Clarkson Fisher Federal District Courthouse, Trenton, New Jersey (Photo: Carmen Natale/ALM) Clarkson Fisher Federal District Courthouse, Trenton, New Jersey (Photo: Carmen Natale/ALM)

Convicted on charges of failing to remit payroll tax and making false statements on a loan application, Ocean County lawyer and power broker George Gilmore has asked a federal judge in New Jersey to throw out the convictions or grant him a new trial.

The former Ocean County Republican Organization chairman argued in court papers Monday that no rational jury could have found proof of guilt beyond a reasonable doubt on the charges that he failed to pay payroll taxes withheld from his law firm’s employees or failed to disclose certain debts on an application for a $1.5 million residential mortgage with a $572,000 cash-out portion.

The motions come after Gilmore’s April 17 conviction on two counts of failing to remit to the Internal Revenue Service payroll taxes collected from his firm’s employees and one count of making false statements on an application for a loan from Ocean First Bank. Gilmore was acquitted on two counts of filing false tax returns and one count of tax evasion following a 2½-week trial before Senior Judge Anne Thompson of the U.S. District Court for the District of New Jersey in Trenton.

“Following the jury’s mixed verdict in this case, George Gilmore has been presented to the world as a tax cheat and a bank fraudster. Although the jury unanimously rejected the government’s core allegation—that Gilmore filed false tax returns by not characterizing his shareholder loans as income—its findings that he willfully failed to pay payroll taxes on two occasions in 2016 and lied to secure a home mortgage in 2015 have literally ruined his life,” Gilmore’s posttrial filing states.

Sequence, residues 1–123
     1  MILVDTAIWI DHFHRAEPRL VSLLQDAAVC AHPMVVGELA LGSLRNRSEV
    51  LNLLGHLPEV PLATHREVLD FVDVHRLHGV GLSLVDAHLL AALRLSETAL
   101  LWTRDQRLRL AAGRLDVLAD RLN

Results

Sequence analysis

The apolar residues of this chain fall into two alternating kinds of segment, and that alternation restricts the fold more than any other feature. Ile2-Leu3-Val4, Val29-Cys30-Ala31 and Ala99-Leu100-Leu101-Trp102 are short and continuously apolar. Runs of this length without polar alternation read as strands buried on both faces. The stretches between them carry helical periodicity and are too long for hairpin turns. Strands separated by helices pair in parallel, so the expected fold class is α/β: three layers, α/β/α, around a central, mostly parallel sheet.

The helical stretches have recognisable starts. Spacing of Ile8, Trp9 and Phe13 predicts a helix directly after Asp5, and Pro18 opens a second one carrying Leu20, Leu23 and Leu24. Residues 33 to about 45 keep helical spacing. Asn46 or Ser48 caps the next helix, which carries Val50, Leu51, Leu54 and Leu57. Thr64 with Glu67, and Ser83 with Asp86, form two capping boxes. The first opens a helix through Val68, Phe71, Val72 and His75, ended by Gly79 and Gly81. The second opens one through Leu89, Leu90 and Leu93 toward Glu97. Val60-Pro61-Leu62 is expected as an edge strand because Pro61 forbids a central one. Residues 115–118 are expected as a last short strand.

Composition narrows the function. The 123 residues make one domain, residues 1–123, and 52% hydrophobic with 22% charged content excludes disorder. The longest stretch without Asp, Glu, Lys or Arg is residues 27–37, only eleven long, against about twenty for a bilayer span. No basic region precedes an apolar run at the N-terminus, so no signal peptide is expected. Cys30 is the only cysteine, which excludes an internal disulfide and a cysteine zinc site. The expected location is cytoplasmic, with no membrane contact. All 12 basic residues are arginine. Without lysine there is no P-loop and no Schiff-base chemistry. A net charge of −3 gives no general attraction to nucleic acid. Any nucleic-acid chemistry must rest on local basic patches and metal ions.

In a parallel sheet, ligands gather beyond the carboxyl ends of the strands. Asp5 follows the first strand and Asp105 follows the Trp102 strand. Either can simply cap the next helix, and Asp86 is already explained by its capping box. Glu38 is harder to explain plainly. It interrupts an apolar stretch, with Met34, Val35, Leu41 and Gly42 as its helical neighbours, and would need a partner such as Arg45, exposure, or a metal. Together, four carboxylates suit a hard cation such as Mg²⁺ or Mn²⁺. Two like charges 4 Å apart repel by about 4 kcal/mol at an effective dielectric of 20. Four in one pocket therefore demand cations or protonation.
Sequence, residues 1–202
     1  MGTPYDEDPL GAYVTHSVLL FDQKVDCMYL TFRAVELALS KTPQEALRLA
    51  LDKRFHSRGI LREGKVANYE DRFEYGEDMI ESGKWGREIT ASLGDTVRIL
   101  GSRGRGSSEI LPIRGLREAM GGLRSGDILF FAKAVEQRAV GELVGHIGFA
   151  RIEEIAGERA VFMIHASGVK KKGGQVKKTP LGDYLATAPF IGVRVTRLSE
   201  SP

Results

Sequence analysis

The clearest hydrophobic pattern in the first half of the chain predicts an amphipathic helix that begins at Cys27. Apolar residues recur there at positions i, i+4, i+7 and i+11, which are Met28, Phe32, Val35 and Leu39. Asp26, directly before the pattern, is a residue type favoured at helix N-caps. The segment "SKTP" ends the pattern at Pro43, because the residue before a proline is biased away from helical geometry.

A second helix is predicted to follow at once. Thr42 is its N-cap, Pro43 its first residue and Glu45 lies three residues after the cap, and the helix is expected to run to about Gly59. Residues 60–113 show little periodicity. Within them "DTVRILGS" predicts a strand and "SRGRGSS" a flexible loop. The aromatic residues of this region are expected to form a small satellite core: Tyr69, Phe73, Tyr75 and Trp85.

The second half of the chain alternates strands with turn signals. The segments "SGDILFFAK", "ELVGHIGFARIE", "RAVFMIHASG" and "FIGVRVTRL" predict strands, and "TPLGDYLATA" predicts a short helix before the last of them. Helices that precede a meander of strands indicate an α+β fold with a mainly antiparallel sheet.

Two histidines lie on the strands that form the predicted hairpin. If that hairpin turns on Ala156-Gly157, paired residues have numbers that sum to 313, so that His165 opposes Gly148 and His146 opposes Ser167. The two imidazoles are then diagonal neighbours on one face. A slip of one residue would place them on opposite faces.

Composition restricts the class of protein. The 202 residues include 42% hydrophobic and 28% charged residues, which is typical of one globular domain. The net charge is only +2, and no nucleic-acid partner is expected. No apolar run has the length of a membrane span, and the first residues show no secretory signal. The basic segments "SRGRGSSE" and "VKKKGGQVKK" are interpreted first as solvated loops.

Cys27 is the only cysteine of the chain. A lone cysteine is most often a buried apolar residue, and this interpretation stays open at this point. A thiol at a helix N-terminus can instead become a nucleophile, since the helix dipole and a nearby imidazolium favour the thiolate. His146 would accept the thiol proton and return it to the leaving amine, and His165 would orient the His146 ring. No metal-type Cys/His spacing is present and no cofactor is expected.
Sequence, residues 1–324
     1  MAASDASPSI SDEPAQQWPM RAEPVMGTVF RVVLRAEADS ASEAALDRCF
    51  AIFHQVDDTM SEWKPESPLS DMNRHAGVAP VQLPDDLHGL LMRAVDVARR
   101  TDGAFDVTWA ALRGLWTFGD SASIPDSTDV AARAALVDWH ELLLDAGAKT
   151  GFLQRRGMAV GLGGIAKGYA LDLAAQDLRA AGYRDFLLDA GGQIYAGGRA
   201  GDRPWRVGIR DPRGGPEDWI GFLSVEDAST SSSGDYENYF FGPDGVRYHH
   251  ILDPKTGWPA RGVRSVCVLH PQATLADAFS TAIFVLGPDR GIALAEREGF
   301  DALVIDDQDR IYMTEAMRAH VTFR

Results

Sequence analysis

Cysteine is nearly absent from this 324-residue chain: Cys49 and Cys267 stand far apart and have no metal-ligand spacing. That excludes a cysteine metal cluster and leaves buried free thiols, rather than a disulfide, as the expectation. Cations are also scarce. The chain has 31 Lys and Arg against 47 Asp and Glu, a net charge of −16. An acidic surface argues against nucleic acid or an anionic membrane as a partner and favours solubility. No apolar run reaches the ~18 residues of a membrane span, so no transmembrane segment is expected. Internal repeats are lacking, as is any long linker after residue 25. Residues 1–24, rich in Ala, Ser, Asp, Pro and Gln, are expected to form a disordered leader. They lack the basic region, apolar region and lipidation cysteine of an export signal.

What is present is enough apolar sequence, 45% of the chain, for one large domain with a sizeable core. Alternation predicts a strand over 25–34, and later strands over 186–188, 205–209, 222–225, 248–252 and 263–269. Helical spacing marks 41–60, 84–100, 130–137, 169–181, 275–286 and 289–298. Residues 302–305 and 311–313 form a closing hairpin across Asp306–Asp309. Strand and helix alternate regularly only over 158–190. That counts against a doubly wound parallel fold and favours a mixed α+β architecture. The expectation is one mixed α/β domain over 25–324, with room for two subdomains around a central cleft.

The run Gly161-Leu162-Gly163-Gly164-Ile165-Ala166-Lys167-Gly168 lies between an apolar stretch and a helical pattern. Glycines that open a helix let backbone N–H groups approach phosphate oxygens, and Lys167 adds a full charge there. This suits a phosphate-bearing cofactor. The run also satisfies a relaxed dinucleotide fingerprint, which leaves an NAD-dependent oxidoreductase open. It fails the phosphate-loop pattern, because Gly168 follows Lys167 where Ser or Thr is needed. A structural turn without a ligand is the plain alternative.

“In light of those verdicts, Gilmore was forced to withdraw from the law firm he has run for thirty-eight years, to surrender his law license despite an unblemished professional record of more than forty years, and to resign from a political position he held with distinction for 22 years. But George Gilmore did not willfully fail to pay his law firm’s payroll taxes for two quarters in 2016, and he did not lie to Ocean First Bank to secure a mortgage in 2015,” said the motion, submitted by Kevin Marino of Marino, Tortorella & Boyle in Chatham on behalf of Gilmore.

According to his indictment, Gilmore filed federal income tax returns indicating he owed $493,526 for year 2013, $321,470 for 2014, and $311,287 for 2015. But authorities said Gilmore made no estimated tax payments and failed to pay the income taxes he owed. Meanwhile, from 2014 to 2016, Gilmore spent more than $2.5 million on personal expenses, including home remodeling costs, vacations and the acquisition of antiques, artwork and collectibles, according to the indictment. By the end of 2016, he owed the IRS $1.5 million in taxes, penalties and interest, the indictment charged.

In February, Marino said in court papers that he obtained an expert report finding that Gilmore met the criteria for hoarding disorder, as described in the Diagnostic and Statistical Manual of the American Psychiatric Association.

After he was convicted, Gilmore resigned from his position as Ocean County Republican Organization chairman. He also resigned from his position as chair of the Ocean County Board of Elections after New Jersey Attorney General Gurbir Grewal said he would seek to force Gilmore to forfeit that position.

The two counts of failing to remit payroll taxes each carry a maximum penalty of five years in prison, and a $250,000 fine, or twice the gross gain or loss from the offense. The single count of loan application fraud carries a maximum penalty of 30 years in prison along with a $1 million fine.

Gilmore is scheduled to be sentenced on July 23.

Marino, the lawyer representing Gilmore, declined to comment on the posttrial motions.

A spokesman for the U.S. attorney’s office also declined to comment.